5. I go to my first ever Zumba class at my gym. We warm up in silence. The instructor sips coffee in between fervently shaking his ass at a motley group of women. The group’s response is lacklustre, coordination abominable. I wonder if I have ever felt so depressed in my life. Then I remember the strip club I visited in Sydney on my 19th birthday, and I get some perspective. As I shuffle-shuffle-cha-cha-cha, I keep thinking about Good Gym, and the value of expending my energy in productive, life-affirming ways. I slip out of the class after 35 cold, dispassionate minutes.  I run a fast 5k on the treadmill, go to the front desk and cancel my gym subscription.
  6. At home, I leave my kid upstairs while I go downstairs to make a sandwich. He turns on the TV using the remote control and watches Cbeebies. He’s two.
  7. I speak to one of my best friends whom I haven’t spoken to in two months, and haven’t seen in three. I joke to her about only reading two books in the last twelve months and she jokes to me about books being more decorative than devoured. As we talk, I realise that I have read no novels since the summer of 2011, but I have colour-coded them on our bookshelves. And they really bring such brightness and pep into the living room.
  8. I buy a copy of Grazia. I hide it in the laundry room out of shame, but then decide to sod it and read it in full view at breakfast the following morning.
  9. I give some money to The Women’s Room on a crowdfunding platform, and it reminds me of what good can be done in a short, pre-determined amount of time.
  10. Someone asks me to define ‘flourishing’ and I talk, yet again, about the nine flourishing features or strengths at the core of Spark+Mettle’s work. And I say, again, that it’s about becoming the best version of you. I mention Plato’s horse theory, again, and Benjamin Franklin’s 13 virtues and self-improvement programme, again.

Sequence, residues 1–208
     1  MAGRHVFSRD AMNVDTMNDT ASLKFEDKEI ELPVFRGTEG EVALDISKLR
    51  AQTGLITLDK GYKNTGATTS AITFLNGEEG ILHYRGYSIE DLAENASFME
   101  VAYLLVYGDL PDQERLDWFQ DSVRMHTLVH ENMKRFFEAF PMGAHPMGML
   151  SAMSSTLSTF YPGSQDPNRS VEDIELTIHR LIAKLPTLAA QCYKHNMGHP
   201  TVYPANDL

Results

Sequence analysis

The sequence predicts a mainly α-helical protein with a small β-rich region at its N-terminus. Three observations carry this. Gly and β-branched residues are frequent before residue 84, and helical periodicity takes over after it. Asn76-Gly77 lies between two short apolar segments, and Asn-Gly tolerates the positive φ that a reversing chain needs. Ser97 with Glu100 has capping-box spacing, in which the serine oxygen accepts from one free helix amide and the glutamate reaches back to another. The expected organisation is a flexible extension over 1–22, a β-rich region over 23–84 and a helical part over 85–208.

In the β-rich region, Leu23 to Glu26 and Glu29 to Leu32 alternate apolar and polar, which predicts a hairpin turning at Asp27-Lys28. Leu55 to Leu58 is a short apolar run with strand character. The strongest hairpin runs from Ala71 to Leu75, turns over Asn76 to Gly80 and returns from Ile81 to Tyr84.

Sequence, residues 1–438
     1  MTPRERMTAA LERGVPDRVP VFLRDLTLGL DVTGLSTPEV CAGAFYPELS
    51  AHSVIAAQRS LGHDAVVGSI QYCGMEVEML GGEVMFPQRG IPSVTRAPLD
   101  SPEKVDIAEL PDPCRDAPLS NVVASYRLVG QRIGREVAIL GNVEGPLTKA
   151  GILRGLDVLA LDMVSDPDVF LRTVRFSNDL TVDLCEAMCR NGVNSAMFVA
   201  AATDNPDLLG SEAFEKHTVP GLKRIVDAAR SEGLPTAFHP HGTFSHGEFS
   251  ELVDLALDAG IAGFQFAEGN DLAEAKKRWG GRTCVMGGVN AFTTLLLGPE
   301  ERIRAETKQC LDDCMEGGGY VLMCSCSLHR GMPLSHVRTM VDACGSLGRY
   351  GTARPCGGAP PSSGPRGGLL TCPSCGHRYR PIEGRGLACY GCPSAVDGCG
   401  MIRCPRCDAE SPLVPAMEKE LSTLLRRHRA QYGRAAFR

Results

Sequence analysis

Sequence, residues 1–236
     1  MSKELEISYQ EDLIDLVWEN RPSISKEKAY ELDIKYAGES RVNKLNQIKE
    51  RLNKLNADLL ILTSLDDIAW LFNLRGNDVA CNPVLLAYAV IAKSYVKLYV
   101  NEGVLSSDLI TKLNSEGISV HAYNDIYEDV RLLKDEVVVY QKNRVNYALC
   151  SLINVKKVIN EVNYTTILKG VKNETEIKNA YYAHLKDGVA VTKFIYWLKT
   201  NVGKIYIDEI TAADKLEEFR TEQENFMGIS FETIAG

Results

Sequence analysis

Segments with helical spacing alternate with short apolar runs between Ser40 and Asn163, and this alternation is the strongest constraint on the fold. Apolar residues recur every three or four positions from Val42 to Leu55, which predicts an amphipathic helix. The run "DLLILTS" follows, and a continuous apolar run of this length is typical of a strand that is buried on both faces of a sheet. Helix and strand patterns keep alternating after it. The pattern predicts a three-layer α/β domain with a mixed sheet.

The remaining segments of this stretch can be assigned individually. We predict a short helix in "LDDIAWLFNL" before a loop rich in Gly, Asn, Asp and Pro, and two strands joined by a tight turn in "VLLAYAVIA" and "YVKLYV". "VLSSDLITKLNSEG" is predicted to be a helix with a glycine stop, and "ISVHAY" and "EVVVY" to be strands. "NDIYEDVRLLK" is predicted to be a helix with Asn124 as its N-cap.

11. The omnipresent Alain de Boton says goodbye to new bezzie mate Harry Styles and comes up with his own list of ten commandments for atheists.
  12. I remember that I once read somewhere that it’s meant to take six weeks to make or break a habit. I google it but to no avail, then I come across Charles Duhigg again, the habit maestro, and am happy.

So here’s the brainwave:

For 40 days and 40 nights, I’m going to greenhouse/road-test/hot-box a number of things with the aim of bringing out the best version of me, while also having a positive impact on the people and the world around me. The sorts of things that I might be terrified to say that I am going to do forever—such as not eat steak or watch any more television—but that for 40 days seem manageable. I’m going to come up with a manifesto that is based on the nine flourishing features we use within Spark+Mettle, and create opportunities both to act and reflect on them all. I’m hoping it might mean that I kick some bad habits and kickstart some good ones in the process. The only rule I have so far is: I don’t want to end up being earnest, or smug, or preachy, or boring—if that’s what the best version of me entails then I’ll be pegging it back to mediocre, quick sharp. 

I’ve got a week to get it all figured out. Bud is up for the experiment, and the kid will be a part of it too, whether he likes it or not. So now we’ve just got to figure out what it’s going to be, what it’s going to look like. I’m excited. It’s going to make me look at my values in a way that I haven’t done since my teenager years and all their D’n’M conversations. In between now and then, there’s a lot of meat in the fridge that needs to be eaten, and the end of Breaking Bad Series 5 to be watched.